Beth Whitney
Photo: Courtesy of the artist

Beth Whitney Takes on Bob Dylan and God on ‘Into the Ground’

Folkie Beth Whitney carefully chooses her opponents as the big and powerful. No wonder she seems flattened Into the Ground, but she’s clearly not beaten yet.

Into the Ground
Beth Whitney
Tone Tree Music
28 May 2021

There was a time during the Great Folk Revival of the early 1960s when singers would put the verses of famous poets to music. Artists such as Joan Baez and Phil Ochs would croon the words of Edgar Allen Poe and Alfred Noyes as if they were song lyrics. Others, most notably Paul Simon, would even change and modernize the contents. Simon’s version of Edward Arlington Robinson’s classic “Richard Cory” had the title character engage in political shenanigans and orgies on his yacht instead of the genteel pleasures of the original. Simon improved the already great work by making it more timely.

That was then; this is now. Bob Dylan, the folk-poet rebel of that generation has become part of the establishment, winning the Nobel Prize for his writing. Artists routinely cover his songs from all genres, and there are many arguments about who does the best Dylan renditions. Because Dylan’s works are songs, this may not seem the same thing as when the singers of the past interpreted the classic poets. But in the larger scheme of literature and the arts, someone putting a verse to melody or a singer offering their take on a Dylan tune are doing the same thing.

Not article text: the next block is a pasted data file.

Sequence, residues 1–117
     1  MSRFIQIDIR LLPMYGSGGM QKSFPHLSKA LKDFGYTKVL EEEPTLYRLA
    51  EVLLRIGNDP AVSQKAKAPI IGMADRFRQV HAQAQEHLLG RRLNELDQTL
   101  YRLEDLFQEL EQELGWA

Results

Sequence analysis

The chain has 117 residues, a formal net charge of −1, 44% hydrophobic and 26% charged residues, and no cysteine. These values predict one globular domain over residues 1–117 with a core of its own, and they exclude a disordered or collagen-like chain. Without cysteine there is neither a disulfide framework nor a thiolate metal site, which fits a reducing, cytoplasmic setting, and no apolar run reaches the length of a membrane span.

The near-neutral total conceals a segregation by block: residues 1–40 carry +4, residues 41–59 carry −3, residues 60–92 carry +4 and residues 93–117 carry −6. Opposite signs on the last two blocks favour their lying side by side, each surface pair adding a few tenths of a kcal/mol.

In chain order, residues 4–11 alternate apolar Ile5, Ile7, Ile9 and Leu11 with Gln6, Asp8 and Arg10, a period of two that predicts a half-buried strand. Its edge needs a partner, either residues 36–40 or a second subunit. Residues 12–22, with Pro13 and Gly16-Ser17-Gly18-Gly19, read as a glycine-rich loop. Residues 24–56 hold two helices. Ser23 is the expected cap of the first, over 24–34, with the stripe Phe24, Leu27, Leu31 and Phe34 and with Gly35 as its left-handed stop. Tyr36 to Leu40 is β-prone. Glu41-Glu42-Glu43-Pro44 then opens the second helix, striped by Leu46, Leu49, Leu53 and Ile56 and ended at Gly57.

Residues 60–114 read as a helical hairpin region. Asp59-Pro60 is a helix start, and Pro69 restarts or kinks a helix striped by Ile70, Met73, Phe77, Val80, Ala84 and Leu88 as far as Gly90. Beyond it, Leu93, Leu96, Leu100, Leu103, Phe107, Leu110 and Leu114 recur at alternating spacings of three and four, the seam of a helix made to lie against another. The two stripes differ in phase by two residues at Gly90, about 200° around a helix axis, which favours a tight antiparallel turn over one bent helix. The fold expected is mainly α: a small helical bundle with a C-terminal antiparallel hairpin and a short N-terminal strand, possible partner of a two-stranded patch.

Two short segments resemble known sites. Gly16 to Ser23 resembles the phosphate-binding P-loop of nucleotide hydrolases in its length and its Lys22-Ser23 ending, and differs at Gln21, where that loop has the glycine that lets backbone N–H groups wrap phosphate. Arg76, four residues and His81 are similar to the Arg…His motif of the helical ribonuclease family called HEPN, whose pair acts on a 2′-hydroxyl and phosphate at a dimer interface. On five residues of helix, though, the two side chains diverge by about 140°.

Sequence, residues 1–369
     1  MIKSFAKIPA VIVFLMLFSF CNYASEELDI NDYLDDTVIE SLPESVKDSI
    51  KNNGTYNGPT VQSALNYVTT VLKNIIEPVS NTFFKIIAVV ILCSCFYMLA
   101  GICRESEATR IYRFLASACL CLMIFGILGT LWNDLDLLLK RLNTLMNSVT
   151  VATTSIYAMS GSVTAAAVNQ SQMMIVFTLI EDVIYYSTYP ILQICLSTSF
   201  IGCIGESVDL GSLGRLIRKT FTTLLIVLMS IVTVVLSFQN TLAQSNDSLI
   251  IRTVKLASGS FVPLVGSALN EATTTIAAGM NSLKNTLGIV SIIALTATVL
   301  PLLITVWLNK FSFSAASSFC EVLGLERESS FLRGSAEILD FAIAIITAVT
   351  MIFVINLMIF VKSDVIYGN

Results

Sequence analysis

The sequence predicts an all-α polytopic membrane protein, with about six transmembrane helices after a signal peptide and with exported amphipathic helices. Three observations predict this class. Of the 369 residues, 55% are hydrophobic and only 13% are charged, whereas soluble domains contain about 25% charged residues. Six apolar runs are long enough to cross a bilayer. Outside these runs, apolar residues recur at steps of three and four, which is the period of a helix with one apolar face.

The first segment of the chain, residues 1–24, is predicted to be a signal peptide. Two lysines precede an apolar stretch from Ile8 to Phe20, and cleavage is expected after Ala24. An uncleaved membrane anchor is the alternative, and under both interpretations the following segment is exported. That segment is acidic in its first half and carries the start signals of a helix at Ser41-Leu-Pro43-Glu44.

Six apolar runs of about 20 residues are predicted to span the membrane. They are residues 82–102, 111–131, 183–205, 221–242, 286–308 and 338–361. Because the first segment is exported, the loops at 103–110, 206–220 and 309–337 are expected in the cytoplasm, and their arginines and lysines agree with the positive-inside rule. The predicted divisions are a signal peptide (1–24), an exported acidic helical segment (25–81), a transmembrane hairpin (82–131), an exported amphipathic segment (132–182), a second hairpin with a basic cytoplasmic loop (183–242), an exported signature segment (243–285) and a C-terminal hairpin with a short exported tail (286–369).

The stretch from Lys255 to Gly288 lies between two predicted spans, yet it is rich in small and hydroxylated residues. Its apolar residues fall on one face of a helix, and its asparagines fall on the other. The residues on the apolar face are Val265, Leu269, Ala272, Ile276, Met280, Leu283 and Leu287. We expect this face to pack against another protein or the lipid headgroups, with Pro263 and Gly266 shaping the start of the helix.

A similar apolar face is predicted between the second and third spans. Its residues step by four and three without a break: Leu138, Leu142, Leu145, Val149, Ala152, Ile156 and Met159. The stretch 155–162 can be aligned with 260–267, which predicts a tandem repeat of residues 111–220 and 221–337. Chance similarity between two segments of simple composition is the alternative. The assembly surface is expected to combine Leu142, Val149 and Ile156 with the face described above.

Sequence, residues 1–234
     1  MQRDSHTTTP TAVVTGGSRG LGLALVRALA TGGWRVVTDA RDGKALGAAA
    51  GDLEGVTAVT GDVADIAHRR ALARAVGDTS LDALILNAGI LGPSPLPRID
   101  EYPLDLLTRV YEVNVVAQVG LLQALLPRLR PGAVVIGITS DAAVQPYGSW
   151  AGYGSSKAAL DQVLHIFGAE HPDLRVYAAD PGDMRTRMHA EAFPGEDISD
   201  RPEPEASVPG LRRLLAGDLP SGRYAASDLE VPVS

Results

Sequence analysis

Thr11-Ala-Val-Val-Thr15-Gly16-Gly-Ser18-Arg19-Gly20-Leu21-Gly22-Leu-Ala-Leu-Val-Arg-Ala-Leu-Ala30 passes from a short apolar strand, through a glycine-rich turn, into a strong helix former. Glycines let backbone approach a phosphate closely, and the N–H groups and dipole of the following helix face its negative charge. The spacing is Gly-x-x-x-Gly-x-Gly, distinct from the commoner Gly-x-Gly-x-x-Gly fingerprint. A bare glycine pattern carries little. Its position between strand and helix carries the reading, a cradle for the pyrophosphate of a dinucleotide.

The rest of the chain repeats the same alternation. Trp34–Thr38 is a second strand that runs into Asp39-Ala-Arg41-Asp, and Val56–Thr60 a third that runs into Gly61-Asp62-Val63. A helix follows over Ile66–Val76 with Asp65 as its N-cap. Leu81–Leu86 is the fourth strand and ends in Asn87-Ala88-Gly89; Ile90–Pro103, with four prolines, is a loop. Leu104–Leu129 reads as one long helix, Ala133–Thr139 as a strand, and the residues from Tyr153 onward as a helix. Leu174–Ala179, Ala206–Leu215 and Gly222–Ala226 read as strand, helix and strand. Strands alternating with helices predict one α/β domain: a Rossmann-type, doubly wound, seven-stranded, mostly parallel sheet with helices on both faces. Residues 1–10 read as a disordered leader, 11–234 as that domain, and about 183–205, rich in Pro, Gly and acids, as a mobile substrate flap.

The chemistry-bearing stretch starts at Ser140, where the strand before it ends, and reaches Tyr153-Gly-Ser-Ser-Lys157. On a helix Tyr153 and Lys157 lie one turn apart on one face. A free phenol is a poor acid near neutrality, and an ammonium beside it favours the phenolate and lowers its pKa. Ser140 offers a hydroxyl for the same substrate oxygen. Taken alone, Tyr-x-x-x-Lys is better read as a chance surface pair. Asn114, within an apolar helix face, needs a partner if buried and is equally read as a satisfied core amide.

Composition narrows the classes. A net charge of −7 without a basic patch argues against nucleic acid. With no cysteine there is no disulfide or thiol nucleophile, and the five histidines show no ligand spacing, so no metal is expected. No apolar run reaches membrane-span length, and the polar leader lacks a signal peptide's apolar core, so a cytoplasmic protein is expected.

This brings us to the case of Beth Whitney, a Northwestern folk-type singer whose latest album Into the Ground takes on Dylan’s masterpiece “Shelter From the Storm” from Blood on the Tracks into something new and unsettling. Dylan’s narrator is a grateful, persecuted innocent rescued by a noblewoman. Whitney changes the ending. Let’s face it, messing with the words of a Nobel Prize-winning author takes chutzpah. But that’s what makes it interesting. Dylan’s merely nostalgic. Whitney wants to go back to the woods to be restored to a pre-rescued life (only to be rescued again?). She follows Dylan’s lyrics most of the way before changing paths.

Whitney has a lovely hushed voice and plays acoustic guitar with a sense of grace. The baker’s dozen tracks here offer a shimmering surface level. Yet it’s the rough edges. Like the character who found comfort but rejects it for the wilderness, that suggests a deeper level of existence. Whitney is best when she lets the sonics get a bit strange. On songs such as “In Another Life” and “Huckleberry”, songs start simply before wandering into uncharted territories that can seem a stretch. One expects more harmonious conclusions. Instead, there are just endings.

If changing Dylan’s words is brave, then Whitney shows even more moxie by taking on the New Testament with her rewriting of the parable of the Prodigal Son. Her “Two Sons” addresses the yearning of the profligate kid to return. Whitney’s theme concerns the loneliness of the child that left more than his reconciliation with the family. It’s unclear whether he finds comfort. Like the protagonist of “Shelter From the Storm”, the prodigal may be better off being on his own. Consolation is not all it’s credited to be. Being independent, despite the distress, might be the better option because one has the autonomy to makes one’s own decisions.

The other songs on Into the Ground fit together well in terms of mood. There’s a general lassitude that disguises what might otherwise seem disturbing. For now, the singer-songwriter seems to be carefully choosing her opponents to be the big and powerful. No wonder she seems flattened Into the Ground, but she’s clearly not beaten yet.

RATING 7 / 10